TRIALS BY FIRE
DEBORAH SPRINGPEACE didn't realize it, but in July 1996 she was beginning the wildest ride of her life. She had agreed to launch the Seven Hills Charter School (an Edison Project school) in a depressed section of Worcester, Massachusetts. Fortunately, this was not her first time on the education speedway. Certified in three states, Springpeace had taught English in a big inner-city high school, at a halfway house for juvenile offenders, at a Catholic school, and in suburban public schools. She had also been an assistant superintendent for curriculum and instruction and served as a middle school principal for a decade. But nothing quite prepared her for Seven Hills.
The most pressing problem was opening the school three months before its building was ready. That meant spending the first quarter year in two temporary (and substandard) sites, while an ambitious $4.7 million renovation project proceeded at the school's permanent location, an abandoned, century-old school building. Organizational homelessness brought many woes, especially in student discipline, aggravating the fact that the school was flooded by children with special needs. To this day, parents insist that nearby schools waged a quiet campaign to "dump problem kids" on Seven Hills, even filling out charter applications for some troublesome youngsters to offload them. Meanwhile, the local district took its time in forwarding records of special-education children. (The day one of us visited Seven Hills in May 1998, the charter school received one child's "individual education plan," requested the previous September.)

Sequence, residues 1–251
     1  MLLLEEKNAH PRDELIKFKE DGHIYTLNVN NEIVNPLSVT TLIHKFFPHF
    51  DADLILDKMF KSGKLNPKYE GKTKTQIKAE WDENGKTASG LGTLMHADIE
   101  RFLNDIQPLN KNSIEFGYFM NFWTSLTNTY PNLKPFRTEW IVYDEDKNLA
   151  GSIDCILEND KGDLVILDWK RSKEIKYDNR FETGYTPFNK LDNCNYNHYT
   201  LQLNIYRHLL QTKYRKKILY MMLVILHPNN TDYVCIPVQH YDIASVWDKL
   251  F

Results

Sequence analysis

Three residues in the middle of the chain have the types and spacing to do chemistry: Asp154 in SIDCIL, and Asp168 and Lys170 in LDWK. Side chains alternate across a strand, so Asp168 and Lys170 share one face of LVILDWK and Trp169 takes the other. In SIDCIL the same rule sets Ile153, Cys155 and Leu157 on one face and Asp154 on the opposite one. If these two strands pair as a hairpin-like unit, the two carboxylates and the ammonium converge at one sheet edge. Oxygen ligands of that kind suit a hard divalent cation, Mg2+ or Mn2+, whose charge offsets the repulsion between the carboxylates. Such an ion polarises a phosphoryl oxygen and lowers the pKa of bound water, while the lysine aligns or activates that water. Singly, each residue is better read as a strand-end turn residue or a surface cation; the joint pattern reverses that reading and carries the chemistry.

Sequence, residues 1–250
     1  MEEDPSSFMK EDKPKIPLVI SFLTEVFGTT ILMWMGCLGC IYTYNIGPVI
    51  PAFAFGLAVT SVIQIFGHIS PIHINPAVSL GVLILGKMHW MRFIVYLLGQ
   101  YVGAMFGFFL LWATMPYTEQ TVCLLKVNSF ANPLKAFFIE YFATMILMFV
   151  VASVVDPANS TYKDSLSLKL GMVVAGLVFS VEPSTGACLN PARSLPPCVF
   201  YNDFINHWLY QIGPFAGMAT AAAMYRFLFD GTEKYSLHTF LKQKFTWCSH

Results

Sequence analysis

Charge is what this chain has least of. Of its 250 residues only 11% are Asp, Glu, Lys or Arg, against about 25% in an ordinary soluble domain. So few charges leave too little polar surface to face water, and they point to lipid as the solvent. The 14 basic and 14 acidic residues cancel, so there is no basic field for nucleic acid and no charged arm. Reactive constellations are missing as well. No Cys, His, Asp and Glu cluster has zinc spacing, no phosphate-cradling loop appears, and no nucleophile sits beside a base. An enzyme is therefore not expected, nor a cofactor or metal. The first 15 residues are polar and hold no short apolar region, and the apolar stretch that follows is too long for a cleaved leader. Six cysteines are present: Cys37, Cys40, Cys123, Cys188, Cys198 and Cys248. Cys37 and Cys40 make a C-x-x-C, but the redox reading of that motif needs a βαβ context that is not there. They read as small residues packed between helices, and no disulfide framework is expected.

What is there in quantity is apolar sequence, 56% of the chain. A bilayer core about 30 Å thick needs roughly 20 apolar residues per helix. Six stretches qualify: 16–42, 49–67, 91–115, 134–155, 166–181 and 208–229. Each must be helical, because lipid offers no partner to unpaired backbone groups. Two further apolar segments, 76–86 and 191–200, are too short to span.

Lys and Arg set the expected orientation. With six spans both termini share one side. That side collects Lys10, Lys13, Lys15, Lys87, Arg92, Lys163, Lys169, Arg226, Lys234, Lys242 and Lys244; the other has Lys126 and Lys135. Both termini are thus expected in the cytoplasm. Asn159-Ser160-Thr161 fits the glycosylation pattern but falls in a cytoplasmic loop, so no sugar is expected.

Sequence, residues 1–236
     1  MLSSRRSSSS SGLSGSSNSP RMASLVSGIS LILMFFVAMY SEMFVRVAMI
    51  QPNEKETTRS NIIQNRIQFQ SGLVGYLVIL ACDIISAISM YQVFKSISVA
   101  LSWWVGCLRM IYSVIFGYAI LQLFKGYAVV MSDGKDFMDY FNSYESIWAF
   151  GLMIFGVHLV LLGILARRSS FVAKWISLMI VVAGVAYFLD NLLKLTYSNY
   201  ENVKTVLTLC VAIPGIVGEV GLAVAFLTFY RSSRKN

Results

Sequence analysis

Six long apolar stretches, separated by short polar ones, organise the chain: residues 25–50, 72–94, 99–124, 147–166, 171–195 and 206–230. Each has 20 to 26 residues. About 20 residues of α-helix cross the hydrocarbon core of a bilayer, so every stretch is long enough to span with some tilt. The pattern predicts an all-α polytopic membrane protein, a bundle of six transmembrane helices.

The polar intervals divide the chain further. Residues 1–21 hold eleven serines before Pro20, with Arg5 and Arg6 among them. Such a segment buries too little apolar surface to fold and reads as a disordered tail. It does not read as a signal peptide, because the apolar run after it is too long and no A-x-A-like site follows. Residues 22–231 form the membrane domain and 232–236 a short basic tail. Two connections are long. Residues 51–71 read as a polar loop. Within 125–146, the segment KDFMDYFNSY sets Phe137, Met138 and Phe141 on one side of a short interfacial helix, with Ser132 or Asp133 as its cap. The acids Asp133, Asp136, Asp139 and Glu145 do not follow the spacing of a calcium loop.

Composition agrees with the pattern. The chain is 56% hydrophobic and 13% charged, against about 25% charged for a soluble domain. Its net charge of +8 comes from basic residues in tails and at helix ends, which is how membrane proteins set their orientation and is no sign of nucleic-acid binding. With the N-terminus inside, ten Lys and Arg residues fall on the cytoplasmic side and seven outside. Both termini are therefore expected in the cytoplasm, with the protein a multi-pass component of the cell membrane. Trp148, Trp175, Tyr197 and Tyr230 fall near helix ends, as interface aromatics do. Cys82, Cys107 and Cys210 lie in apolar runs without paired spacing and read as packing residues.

Combine an inadequate facility and a lot of youngsters with severe behavior problems and disabilities and you have a real challenge. At first, Seven Hills teachers struggled just to maintain order. Children fought, bit, and kicked. Suspensions were many. This was not the oasis of learning that the school's founders had envisioned—and had promised the community.
Many lessons can be drawn from the birth trauma of Seven Hills, above all the fact that launching a charter school isn't easy. Yet Seven Hills was luckier than some. It is now thriving. Other charter schools have been